Searching For The Holy Grail Of Job Satisfaction

Although the orchestra business faces a great deal of uncertainty in the upcoming years, there’s one problem which doesn’t show any signs of abating; job satisfaction among musicians.

Several articles here at Adaptistration have touched on this subject before, most notably one from March 16, 2004.  However, there was a good article in Ilkka Talvi’s blog from a few days ago entitled Happier Artists, which examines the problem from a unique point of view.

In the article he talks about the willingness of musicians to participate in more fulfilling mission objective related activities within the orchestra other than just performing.  At the same time, he laments over the lack of follow through among some of his past orchestra managers to implement any of these ideas or take advantage of a musician’s willingness to do more,

“Every time I suggested this idea in meetings, the response was always positive, yet nothing concrete ever materialized as a result. It is as if the management doesn’t want to have happier artists. Go figure”.

The ideas Ilkka presented are very similar to those I wrote about in the article How Tuba Players Are Going To Save Classical Music, where Dallas Symphony tubist, Matt Good talked about a program his orchestra used to employ but has sense disbanded,

“The DSO used to have a concert format that would feature a 90 minute program and hire musicians to play in the lobby before and after concerts.  They also used to encourage the musicians by offering something like drink vouchers to mingle with the patrons and just talk to them.

They were always well attended and the musicians that talked to the patrons usually had a wonderful time.  But we’ve been cutting back on this program and I don’t know why.  Management needs to invest money and time in a program like this.  I could definitely see that it was getting more people interested and it was becoming a tradition that people wanted to be a part of.”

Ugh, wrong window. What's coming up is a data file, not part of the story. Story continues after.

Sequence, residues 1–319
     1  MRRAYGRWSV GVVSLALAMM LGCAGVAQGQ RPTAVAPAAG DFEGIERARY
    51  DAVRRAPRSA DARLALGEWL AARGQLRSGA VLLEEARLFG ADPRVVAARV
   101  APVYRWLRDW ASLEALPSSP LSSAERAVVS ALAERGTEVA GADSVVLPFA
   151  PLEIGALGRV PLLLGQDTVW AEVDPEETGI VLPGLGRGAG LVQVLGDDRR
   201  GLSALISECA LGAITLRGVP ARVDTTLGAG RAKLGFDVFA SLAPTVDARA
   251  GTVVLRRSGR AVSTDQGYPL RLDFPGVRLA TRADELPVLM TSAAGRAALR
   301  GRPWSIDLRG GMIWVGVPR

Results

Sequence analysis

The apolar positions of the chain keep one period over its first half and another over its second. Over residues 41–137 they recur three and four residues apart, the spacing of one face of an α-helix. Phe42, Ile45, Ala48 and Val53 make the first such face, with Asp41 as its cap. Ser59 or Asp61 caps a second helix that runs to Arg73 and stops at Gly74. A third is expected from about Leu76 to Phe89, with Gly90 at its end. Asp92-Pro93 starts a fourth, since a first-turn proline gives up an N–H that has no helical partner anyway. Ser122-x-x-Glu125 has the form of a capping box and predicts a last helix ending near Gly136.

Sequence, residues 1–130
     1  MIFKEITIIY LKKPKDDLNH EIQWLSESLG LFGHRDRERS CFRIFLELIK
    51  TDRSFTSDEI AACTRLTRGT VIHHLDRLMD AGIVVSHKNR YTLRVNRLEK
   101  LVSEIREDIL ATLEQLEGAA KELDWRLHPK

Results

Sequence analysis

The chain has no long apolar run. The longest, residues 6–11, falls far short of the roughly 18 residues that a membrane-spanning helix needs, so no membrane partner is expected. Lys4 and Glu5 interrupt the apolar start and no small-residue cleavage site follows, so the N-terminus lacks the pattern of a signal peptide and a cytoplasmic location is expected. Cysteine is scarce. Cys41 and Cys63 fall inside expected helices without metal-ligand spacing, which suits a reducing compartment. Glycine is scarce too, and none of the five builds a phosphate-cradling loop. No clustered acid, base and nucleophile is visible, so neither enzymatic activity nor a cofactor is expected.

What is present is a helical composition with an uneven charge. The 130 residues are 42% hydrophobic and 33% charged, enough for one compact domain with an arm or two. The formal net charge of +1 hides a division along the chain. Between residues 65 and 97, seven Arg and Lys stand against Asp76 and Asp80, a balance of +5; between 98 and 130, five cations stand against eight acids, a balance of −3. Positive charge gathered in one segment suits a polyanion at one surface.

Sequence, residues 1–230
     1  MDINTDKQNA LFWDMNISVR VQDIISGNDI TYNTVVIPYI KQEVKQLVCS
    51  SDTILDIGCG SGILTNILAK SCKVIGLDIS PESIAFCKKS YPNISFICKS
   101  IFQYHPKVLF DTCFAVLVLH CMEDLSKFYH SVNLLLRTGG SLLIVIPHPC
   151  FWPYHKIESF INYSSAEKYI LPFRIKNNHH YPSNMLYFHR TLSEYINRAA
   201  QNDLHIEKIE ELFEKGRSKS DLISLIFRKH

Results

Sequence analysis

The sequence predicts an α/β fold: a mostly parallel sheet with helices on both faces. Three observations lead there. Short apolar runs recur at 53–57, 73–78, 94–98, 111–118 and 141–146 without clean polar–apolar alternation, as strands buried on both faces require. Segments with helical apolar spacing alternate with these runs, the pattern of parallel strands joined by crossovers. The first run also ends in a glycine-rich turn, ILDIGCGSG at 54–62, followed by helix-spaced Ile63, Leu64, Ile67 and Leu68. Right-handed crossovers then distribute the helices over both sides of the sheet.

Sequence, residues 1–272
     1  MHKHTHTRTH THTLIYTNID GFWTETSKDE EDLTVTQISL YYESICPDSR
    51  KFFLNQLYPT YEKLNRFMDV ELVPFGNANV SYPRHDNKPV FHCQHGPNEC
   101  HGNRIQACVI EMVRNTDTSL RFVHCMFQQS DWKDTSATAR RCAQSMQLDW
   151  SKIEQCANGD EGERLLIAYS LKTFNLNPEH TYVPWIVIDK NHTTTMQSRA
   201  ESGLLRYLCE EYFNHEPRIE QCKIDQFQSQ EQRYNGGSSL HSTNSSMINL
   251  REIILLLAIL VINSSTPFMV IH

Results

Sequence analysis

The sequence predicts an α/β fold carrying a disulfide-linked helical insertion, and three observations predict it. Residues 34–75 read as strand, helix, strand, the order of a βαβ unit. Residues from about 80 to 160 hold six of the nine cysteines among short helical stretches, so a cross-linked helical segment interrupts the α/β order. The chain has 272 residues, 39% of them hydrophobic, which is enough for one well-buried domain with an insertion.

With financial problems slowing growing more sever in many orchestras, you can only expect that instances of increased stress and job dissatisfaction will be on the rise.  Hopefully, there are more managers out there than not who understand the real dangers of letting this grow into a full blown case of apathy.

To learn more about why many orchestra musicians have such a low level of job satisfaction, take the time to read this wonderful paper written by Robert and Seymour Levine.

About Drew McManus

"I hear that every time you show up to work with an orchestra, people get fired." Those were the first words out of an executive's mouth after her board chair introduced us. That executive is now a dear colleague and friend but the day that consulting contract began with her orchestra, she was convinced I was a hatchet-man brought in by the board to clean house.

I understand where the trepidation comes from as a great deal of my consulting and technology provider work for arts organizations involves due diligence, separating fact from fiction, interpreting spin, as well as performance review and oversight. So yes, sometimes that work results in one or two individuals "aggressively embracing career change" but far more often than not, it reinforces and clarifies exactly what works and why.

In short, it doesn't matter if you know where all the bodies are buried if you can't keep your own clients out of the ground, and I'm fortunate enough to say that for more than 15 years, I've done exactly that for groups of all budget size from Qatar to Kathmandu.

For fun, I write a daily blog about the orchestra business, provide a platform for arts insiders to speak their mind, keep track of what people in this business get paid, help write a satirical cartoon about orchestra life, hack the arts, and love a good coffee drink.

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